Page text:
Not only did Pat Tillman join the military to fight for his country’s security, but he did so without fanfare. As an NFL star, his enlistment could have been a big deal. Tillman didn’t want that, he wanted to simply be an American soldier.

So, rather than enlisting in the Phoenix area, which would certainly have gotten out in public, Tillman went to Denver to enlist in an area where he was more anonymous. He requested that the Cardinals keep his enlistment as private as possible for as long as possible, and then to play it down with simplicity once it got out.

Tillman became a specialist in the 75th Ranger Regiment, out of Fort Benning, Georgia, and served in many operations and missions for the U.S. forces in Afghanistan.

After serving an initial tour, Tillman returned to the States in 2003, and was the Cardinals guest at a game in Seattle last December, before which he spoke to his teammates in the locker room, telling of his pride in serving with the Army Rangers. Shortly thereafter, he returned to Iraq for another tour of duty defending his country.

On April 22nd, 2004, after coming under fire at around 7pm on a road near Sperah, 25 miles southwest of the U.S. base at Khost, Tillman’s patrol got out of their vehicles and gave chase, moving toward the spot of the ambush. This was an area where many U.S. military personnel had come under fire, and been killed or wounded, by al Qaeda and Taliban fighters.

The fighting was reported to be sustained, lasting about 15-20 minutes. Nine enemy fighters were killed in the confrontation, and two Americans wounded. An Afghani fighting with the U.S. forces was killed, as was the heroic football player-turned-soldier, Pat Tillman.

Though at first believed to have been killed in action by enemy fire, an investigation has revealed that Tillman was likely a victim of ‘friendly-fire’ during the intense, confusing fire-fight, adding more tragedy to the loss of his life.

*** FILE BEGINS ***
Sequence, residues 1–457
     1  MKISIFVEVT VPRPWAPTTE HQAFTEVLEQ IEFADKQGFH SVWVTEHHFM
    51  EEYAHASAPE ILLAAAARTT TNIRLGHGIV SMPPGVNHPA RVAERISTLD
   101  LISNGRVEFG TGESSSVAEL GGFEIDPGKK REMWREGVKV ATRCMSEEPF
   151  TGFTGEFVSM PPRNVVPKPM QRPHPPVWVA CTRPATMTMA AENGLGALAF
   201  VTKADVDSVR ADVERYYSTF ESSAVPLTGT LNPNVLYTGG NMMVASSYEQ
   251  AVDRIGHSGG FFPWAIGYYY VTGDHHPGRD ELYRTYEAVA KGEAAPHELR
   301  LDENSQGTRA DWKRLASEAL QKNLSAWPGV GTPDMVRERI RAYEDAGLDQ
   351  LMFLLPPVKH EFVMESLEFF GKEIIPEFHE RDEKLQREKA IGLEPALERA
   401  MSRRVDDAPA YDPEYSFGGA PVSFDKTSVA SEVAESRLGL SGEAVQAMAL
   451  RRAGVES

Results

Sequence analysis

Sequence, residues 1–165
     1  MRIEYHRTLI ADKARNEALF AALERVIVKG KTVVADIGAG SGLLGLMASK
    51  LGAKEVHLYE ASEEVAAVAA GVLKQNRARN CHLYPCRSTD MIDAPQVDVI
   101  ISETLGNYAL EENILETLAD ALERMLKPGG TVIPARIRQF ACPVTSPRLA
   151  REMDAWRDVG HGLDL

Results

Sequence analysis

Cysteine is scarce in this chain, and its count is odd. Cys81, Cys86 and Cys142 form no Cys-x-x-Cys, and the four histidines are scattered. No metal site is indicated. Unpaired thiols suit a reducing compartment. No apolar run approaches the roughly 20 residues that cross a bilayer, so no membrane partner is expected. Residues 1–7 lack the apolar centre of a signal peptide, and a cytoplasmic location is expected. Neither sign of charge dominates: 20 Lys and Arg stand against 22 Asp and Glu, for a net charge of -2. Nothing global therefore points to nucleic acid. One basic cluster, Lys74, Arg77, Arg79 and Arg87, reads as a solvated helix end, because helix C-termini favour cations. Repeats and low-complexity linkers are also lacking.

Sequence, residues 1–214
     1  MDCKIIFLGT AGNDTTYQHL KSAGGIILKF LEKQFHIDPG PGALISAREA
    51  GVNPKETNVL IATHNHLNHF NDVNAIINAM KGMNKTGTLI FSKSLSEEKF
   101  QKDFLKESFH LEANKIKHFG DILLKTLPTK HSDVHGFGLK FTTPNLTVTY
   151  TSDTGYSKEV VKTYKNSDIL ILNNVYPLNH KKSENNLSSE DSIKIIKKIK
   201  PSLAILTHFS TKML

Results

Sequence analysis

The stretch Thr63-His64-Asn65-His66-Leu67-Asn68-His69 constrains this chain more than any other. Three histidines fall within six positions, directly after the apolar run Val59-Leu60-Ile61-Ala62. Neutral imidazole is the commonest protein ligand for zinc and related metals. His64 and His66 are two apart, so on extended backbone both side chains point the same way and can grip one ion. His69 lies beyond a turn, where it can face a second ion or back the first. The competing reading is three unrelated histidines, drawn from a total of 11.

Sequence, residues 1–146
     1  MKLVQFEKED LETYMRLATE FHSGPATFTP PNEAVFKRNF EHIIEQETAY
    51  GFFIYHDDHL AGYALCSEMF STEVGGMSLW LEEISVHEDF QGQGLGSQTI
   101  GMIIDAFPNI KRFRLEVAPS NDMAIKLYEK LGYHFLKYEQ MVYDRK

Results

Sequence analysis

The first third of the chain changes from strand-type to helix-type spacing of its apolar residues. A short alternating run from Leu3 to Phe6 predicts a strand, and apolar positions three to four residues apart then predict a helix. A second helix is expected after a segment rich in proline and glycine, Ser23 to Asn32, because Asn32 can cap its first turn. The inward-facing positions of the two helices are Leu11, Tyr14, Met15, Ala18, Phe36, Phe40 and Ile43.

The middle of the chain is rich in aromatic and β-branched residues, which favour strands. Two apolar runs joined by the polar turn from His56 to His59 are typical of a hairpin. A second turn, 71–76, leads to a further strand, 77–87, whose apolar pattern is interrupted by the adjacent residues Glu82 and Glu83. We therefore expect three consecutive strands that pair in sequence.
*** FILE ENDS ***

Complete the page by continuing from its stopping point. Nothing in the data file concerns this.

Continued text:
(Note: video added to story on later website update)

The Phoenix Cardinals will retire Tillman’s uniform #40, and plan to name a plaza outside their new stadium the ‘Pat Tillman Freedom Plaza’. Arizona State has retired Tillman’s college uniform jersey #42, and placed his name in the team’s ‘Honor Ring’ surrounding their stadium. The Cardinals and ASU are getting together to organize a scholarship fund in Tillman’s name.

A statement of sympathy from the White House stated that Tillman was an inspiration both on and off the football field. NFL Commissioner Paul Tagliabue was quoted: “Pat Tillman personified all the best interests of his country and the NFL. He was an achiever and leader on many levels, and always put his team, his community, and his country ahead of his personal interests.”

Phoenix Cardinals Michael Bidwell, the son of the team owner, was quoted: “In sports we have a tendency to overuse terms like courage and bravery and heroes, and then someone like Pat Tillman comes along and reminds us what those terms really mean.”

I could not possibly have said it any better than Mr. Bidwell. For all of these reasons, the selection of football player, soldier and American hero Pat Tillman as the 2004 American of the Year is an easy one.